A recent study published in the New England Journal of Medicine investigates the use of cannabidiol for treating drug resistant seizures in patients with Dravet syndrome.
Dravet syndrome is a rare form of epilepsy which presents in infancy with severe seizures that are often unresponsive to treatment. Cannabidiol use to treat seizures in Dravet syndrome patients has gained some attention in the media but past studies have reported mixed results.
This recent study looked at the effect of cannabidiol on children and young adults who suffer from Dravet syndrome and are experiencing seizures that are not being managed with approved anti-epileptic drug regimens, such as clobazam, valproates, stiripentol, levetiracetam and topiramate. The type of seizure experienced by the participants of the study was commonly generalized tonic-clonic seizures.
The study found that the frequency of seizures decreased with cannabidiol treatment; the median number of seizures went from approximately 12 to 5 seizures per month. The control group receiving standard anti-epileptic treatment only, demonstrated a smaller decrease with a median number decrease from approximately 15 to 13 seizures per month. The study demonstrated that cannabidiol treatment did have an effect on convulsive seizure frequency but not on the frequency of nonconvulsive seizures.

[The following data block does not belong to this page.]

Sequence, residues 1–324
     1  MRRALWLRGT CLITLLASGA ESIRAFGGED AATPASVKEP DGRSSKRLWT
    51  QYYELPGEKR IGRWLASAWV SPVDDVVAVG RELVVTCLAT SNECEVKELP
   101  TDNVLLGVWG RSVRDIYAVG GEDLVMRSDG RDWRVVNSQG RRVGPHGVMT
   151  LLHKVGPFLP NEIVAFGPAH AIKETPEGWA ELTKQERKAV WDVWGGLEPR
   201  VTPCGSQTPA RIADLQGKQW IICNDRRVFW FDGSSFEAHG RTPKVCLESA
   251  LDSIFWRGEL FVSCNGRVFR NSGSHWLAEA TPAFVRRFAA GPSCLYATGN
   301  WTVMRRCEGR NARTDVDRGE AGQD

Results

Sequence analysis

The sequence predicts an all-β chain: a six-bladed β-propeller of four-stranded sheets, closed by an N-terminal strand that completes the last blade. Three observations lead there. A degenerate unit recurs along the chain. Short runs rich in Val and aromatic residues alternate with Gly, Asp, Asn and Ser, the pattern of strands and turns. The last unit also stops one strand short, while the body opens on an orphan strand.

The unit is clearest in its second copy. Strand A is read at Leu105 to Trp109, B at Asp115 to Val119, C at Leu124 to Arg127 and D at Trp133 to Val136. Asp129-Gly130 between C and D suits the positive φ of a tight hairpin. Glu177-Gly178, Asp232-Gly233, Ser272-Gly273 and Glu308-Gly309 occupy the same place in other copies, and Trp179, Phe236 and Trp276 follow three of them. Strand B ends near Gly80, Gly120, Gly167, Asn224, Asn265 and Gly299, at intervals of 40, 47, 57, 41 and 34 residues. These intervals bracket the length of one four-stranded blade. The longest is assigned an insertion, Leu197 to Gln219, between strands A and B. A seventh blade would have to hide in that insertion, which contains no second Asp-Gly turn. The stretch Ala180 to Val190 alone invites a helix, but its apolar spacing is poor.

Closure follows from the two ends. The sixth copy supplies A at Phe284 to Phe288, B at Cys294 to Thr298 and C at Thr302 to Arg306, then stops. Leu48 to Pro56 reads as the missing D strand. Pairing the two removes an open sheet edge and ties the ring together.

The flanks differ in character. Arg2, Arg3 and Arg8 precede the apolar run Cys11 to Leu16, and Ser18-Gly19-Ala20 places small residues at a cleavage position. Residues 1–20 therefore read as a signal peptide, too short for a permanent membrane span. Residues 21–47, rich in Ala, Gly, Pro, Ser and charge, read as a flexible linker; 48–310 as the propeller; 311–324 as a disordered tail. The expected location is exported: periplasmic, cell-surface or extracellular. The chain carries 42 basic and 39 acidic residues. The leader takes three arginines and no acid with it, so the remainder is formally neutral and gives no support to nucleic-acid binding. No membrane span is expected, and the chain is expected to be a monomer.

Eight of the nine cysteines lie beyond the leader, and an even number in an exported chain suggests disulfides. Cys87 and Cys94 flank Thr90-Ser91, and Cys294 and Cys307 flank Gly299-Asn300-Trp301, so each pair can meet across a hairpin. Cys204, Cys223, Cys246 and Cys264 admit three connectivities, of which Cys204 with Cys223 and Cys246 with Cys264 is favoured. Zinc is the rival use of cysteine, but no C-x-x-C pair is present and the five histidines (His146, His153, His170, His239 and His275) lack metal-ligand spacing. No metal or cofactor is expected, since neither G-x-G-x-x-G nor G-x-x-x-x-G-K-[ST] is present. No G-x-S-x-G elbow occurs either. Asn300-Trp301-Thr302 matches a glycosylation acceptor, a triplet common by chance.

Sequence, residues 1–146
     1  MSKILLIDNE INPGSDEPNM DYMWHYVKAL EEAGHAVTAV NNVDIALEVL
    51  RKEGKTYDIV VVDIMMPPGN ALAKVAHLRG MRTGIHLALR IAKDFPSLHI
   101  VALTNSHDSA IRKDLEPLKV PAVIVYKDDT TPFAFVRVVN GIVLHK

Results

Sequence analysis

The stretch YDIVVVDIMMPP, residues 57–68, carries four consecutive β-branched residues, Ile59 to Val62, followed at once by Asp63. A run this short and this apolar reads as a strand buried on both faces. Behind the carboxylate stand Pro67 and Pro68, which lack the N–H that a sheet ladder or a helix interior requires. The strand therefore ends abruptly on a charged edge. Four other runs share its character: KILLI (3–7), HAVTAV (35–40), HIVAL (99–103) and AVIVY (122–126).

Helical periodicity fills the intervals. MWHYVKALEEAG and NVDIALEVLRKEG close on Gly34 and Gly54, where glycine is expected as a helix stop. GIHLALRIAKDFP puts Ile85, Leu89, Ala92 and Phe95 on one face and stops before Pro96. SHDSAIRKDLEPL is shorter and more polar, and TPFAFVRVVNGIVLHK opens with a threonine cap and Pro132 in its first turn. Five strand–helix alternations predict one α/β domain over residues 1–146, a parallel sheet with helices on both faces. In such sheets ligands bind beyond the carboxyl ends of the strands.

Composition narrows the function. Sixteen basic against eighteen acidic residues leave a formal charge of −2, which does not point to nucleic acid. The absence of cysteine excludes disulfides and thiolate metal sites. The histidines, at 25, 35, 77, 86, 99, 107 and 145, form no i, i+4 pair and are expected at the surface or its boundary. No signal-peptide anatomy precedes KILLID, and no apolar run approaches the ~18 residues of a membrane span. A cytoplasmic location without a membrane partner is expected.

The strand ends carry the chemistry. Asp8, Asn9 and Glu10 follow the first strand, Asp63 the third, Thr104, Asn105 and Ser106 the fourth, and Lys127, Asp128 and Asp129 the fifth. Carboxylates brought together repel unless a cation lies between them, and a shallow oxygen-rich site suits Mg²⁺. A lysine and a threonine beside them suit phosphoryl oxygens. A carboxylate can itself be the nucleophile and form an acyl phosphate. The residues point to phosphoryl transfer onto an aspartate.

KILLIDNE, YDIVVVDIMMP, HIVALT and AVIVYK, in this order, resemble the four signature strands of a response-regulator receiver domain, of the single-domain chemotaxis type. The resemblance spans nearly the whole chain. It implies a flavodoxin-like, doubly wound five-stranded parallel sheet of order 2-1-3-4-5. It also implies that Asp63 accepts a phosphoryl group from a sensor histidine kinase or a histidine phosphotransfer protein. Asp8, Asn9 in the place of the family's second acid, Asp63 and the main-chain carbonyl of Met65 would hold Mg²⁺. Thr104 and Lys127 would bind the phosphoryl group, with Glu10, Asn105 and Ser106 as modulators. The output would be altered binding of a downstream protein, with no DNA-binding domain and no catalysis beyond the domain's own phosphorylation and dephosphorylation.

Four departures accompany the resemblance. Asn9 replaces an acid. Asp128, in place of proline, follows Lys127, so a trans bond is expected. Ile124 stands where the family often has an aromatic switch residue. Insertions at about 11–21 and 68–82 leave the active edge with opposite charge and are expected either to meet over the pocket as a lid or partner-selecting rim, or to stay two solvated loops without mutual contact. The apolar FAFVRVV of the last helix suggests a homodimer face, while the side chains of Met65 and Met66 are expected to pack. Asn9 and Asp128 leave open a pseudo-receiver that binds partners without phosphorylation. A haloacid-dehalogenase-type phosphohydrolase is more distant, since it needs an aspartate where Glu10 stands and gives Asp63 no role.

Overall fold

Side effects observed with the use of the cannabidiol included drowsiness, loss of appetite and diarrhoea. A transient increase in liver enzymes was also observed, the authors suggest that this could be due to a drug interaction with valproate. These side effects led some of the participants to leave the study.
Dravet syndrome is a rare condition, but it can have catastrophic effects on the lives of those who suffer from it. This is primarily due to the fact that current anti-epileptic regimens are often ineffective as many individuals experience drug resistant seizures which can lead to death. The results from this recent study highlight the potential role of cannabidiol for decreasing convulsive seizures and possible death. Further research is needed to investigate the safety of cannabidiol; for example, data on the drugs long term effects is lacking.
Written By: Jade Marie Evans, MPharm, Medical Writer